Triangle (whose entries are n choose k's). The highest Fibonnaci in
each successive expansion is 1 less than the highest in the previous
expansion and the lowest Fibonacci is 2 less than the lowest in the
previous expansion. So when iterate 5 times, the low end has gone from
10 down to 0 and the high end has gone from 10 down to 5 at which point
we have your identity.

So let's try to formalize this into a proof.

What we will prove is:
[1] F_N = SUM[k=0 to j; C(j,k)F_{N-2j+k}]
for j <= N/2
Once we succeed in proving [1], we let N = 2n and j = n and we get:
SUM[k=0 to n; C(n,k)F_k] = F_2n establishing the desired identity.

So how do we prove [1]? For this, we will use induction on j.

For any N, if F_N = SUM[k=0 to j; C(j,k)F_{N-2j+k}] for j+1 <= N/2 then
F_N = SUM[k=0 to j+1; C(j+1,k)F_{N-2(j+1)+k}]

First, observe that when j+1 <= N/2, N-2(j+1)+k > 0 so the Fibonacci
term is defined for all of our k's so long as j+1 <= N/2. That is, we
won't get into trouble by trying to describe F_1 = F_0 + F_{-1}.

Second, observe that for j = 0 and N >= 2, we have:
F_N = SUM[k=0 to 0; C(0,k)F_{N-2*0+k}] = F_N and 1 <= N/2 so now all we
need is the inductive step.

Suppose it is true that:
[2] F_N = SUM[k=0 to j; C(j,k)F_{N-2j+k}] for j = J <= N/2 - 1

we need to show that:
[3] F_N = SUM[k=0 to j; C(j,k)F_{N-2j+k}] for j = J+1

From the sum in [2], we will break down each F_i into F_{i-1} + F_{i-2}.
In [2], i will range from N-2J to N-J as k runs from 0 to J. After
breaking down the terms, our highest term will be N-J-1 and our lowest
will be N-2J-2. So in our new sum, our index p will run from N-2J-2 to
N-J-1 as k runs from 0 to J+1. That is, p = N-2J+k or k = p-N+2J. We
will consider 3 cases:
Case 1: p = N-2J-2
Case 2: p = N-J-1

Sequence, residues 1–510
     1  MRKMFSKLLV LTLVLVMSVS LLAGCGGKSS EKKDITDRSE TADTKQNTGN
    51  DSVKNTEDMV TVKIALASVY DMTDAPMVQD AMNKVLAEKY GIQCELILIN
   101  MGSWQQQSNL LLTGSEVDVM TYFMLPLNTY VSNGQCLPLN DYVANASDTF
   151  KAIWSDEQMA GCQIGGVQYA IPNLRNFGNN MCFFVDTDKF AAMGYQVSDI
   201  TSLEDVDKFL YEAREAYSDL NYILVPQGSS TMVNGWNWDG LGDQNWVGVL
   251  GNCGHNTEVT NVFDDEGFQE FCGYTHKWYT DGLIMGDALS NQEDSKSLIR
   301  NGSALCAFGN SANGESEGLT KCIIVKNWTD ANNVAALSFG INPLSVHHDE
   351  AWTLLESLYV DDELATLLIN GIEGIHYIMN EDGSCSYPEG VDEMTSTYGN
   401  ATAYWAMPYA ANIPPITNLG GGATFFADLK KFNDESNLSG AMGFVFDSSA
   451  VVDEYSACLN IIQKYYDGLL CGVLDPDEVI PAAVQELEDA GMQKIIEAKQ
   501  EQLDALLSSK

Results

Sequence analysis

Case 3: N-2J-2 < p < N-J-1

Case 1: p = N-2J-2 (that is, our least term in our new sum... we know
that we want the coefficient for this Fibonacci to be 1)
There is only one term in [2] that has F_{N-2J-2} in its decomposition
and that is: F_{N-2J} = F_{N-2J-1} + F_{N-2J-2}. The coefficient for
F{N-2J} is C(J,0) = 1 and thus the coefficient for F_{N-2J-2} will also
be 1.
Case 2: p = N-J-1 (this establishes our highest term in our new sum)
Again there is only one term in [2] that has F_{N-J-1} in its
decomposition and that is: F_{N-J} = F_{N-J-1} + F{N-J-2}. The
coefficient for F{N-J} is C(J,J) = 1 and thus the coefficient for
F_{N-J-1) will also be 1.
Case 3: N-2J-2 < p < N-J-1 (this establishes all of our other terms in
our new sum)
For each p, there are exactly two terms in [2] that has F_p in its
decomposition and those are F_{p+1} = F_p + F_{p-1} and F_{p+2} =
F_{p+1} + F_p. In [2], N-2J+k = p+1 when k = p+1-N+2J so the
coefficient for F_{p+1} is C(J,p+1-N+2J) and similarly the coefficient
for F_{p+2} is C(J,p+2-N+2J).
So the coefficient for F_p in the decomposition will be the sum of the
coefficients for F_{p+1} and F_{p+2} in [2].

Recall that:
[4] C(a,b)+C(a,b+1)=C(a+1,b+1)

Letting a = J and p+1-N+2J = b, the coefficient for F_p in the
decomposition is: C(J+1,p+2-N+2J)

So the sum in our decomposition will be:
SUM[p=N-2J-2 to N-J-1; C(J+1,p+2-N+2J)F_p]

Letting k = p-N+2J+2 [and thus p = N-2(J+1)+k], we get:
SUM[k=0 to J+1; C(J+1,k)F_{N-2(J+1)+k}] which completes our inductive
step and thus our proof.

- Matt